The History of the 10-Year Street Bond Program

The arterial framework of the City of Spokane’s existing street system was almost entirely established prior to 1900 through the platting process. Similar to other western towns that were platted during that period, the platting of Spokane set a precedent for the width of the majority of the existing city streets and avenues. Sixty-foot wide streets were the norm. The streets were nearly always aligned north-south and east-west in a “grid” fashion. James W. Glover, Spokane’s founding father, utilized this kind of right-of-way grid system when he platted most of Spokane’s streets. In the central city, additional right-of-way was included to allow a horse and wagon to turn around in the street, thus 100-foot right-of-ways are common in downtown Spokane and in the Gonzaga University area.

The street system designed by Glover adequately met Spokane’s transportation needs through the transition years when the automobile replaced the horse and buggy. The earliest vehicle registration in Spokane County was in 1924 when 30,516 vehicles were registered. Since then, the use of automobiles steadily climbed. In 1950, Spokane County had 80,576 registered vehicles; 250,000 in 1980 and 375,000 vehicles were registered in the County in 2001.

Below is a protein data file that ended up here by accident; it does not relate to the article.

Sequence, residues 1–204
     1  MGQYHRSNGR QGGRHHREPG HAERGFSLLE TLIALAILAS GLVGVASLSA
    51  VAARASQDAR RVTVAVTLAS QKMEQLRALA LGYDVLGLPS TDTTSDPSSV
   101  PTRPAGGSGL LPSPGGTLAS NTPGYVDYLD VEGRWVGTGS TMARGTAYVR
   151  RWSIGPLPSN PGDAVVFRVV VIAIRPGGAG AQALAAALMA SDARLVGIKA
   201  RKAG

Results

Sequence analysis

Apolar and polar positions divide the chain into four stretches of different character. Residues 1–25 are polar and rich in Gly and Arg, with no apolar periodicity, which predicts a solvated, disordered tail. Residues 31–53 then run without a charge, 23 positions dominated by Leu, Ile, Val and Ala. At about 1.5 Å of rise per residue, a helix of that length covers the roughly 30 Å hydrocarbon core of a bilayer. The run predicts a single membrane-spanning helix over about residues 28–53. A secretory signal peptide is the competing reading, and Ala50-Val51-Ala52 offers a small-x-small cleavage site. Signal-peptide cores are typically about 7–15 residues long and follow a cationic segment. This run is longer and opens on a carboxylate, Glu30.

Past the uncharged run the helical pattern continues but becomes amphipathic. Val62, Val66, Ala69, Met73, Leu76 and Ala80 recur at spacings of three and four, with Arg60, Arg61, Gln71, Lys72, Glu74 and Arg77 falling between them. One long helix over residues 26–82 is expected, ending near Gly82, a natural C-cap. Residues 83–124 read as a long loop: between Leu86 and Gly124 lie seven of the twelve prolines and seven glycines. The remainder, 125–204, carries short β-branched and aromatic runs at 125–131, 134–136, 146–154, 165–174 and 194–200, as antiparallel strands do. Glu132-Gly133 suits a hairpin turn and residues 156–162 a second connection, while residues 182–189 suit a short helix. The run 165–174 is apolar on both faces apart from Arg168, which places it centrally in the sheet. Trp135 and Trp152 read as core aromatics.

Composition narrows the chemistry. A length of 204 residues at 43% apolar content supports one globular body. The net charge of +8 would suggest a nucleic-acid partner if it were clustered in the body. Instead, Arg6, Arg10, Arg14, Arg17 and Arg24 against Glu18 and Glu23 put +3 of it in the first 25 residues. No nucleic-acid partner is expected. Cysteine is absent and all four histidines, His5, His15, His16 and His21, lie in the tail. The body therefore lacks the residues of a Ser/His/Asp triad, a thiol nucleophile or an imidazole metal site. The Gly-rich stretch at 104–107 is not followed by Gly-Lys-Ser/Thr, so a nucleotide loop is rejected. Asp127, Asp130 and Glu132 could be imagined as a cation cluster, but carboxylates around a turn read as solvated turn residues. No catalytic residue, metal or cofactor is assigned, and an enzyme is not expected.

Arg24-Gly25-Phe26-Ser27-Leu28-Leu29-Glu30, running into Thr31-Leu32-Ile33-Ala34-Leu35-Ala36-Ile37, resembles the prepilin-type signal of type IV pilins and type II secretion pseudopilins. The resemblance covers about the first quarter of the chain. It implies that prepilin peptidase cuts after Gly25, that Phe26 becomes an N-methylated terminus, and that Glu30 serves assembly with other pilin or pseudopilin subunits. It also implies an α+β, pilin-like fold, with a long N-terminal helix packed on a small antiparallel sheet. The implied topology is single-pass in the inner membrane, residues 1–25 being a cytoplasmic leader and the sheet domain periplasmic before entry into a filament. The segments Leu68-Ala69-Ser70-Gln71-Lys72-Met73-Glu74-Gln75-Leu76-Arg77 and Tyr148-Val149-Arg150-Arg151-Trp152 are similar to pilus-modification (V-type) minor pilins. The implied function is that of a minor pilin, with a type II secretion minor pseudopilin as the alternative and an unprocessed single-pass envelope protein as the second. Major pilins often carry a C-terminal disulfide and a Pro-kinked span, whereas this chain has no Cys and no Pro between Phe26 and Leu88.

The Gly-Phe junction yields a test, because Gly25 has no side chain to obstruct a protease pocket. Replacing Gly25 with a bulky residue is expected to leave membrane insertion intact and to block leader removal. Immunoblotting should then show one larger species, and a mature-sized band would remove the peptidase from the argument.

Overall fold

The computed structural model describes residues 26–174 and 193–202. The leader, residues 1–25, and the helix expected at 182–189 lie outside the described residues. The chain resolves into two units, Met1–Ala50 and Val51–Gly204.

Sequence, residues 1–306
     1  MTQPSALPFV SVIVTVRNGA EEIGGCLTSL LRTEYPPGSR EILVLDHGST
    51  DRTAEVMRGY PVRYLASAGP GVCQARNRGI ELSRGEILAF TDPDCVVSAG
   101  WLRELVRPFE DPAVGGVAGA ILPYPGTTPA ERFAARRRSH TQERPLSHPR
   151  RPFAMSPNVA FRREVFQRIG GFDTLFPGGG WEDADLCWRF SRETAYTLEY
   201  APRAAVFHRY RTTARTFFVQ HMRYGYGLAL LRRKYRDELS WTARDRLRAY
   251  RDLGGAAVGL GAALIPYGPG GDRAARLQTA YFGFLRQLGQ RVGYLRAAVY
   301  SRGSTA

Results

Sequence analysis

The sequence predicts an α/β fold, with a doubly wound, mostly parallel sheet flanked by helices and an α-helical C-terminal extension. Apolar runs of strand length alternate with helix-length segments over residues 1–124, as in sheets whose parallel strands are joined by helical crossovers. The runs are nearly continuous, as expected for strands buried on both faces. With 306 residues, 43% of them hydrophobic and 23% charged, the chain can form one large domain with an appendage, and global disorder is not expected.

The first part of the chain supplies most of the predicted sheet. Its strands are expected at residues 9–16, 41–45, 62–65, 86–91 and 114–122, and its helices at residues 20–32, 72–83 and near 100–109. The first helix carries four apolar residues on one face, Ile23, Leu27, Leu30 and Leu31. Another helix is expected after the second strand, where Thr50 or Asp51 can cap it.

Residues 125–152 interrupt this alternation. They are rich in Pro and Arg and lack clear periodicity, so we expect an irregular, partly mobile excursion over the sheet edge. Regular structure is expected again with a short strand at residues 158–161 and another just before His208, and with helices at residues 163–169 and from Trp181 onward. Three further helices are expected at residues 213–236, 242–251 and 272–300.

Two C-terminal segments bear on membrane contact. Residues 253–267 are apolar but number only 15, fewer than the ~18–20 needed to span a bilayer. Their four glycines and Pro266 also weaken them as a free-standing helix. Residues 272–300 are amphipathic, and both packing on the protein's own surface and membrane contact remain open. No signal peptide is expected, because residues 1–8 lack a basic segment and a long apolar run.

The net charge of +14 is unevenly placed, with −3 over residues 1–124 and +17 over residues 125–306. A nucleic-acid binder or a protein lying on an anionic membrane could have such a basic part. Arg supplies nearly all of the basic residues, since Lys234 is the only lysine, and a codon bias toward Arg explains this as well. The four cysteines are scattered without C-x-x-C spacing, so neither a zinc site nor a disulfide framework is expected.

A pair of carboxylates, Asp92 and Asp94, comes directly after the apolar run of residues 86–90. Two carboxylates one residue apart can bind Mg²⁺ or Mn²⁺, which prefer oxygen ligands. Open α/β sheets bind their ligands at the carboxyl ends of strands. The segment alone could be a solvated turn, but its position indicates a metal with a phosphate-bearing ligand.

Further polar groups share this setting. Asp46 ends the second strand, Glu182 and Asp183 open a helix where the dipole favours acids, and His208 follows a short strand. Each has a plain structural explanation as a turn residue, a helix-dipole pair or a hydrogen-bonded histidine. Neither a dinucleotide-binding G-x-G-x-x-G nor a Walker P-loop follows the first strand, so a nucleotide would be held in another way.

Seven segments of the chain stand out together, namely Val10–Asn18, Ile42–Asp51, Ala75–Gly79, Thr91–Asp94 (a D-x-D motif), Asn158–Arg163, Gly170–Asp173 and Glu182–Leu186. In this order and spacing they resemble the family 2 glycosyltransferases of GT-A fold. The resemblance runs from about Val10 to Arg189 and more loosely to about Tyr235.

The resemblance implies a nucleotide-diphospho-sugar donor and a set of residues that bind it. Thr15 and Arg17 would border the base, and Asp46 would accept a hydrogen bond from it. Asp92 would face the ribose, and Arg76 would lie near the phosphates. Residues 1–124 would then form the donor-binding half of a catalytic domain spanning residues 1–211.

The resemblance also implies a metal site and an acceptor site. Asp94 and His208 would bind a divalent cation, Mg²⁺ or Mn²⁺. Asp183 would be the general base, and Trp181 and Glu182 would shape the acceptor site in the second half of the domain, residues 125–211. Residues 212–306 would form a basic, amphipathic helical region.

Today, our transportation infrastructure continues to age, many streets have outlived their design life, and we have expanded to provide access for neighborhoods and to support business investment, economic vitality and future growth. Our crews now care for about 850 miles of paved streets and nearly 40 miles of unpaved streets within the City. In addition to increased traffic volume, allowable loads (weight) carried by buses and trucks has also increased, both of which contribute to the deterioration of the City’s streets, along with other demands on the City’s funding priorities and declining revenues to create a continual challenge to appropriately fund street maintenance.

On Tuesday, November 2, 2004, 61.3% of City voters decided that it is time to get to work repairing miles upon miles of deteriorating Spokane City streets and passed the 10-Year Street Bond program. City Proposition 1, the $117,351,000 street repair bond, was certified by the County Auditor on November 17, 2004. A seven-member Citizens Streets Advisory Commission (CSAC) oversees Street Bond spending as recommended by the Mayor.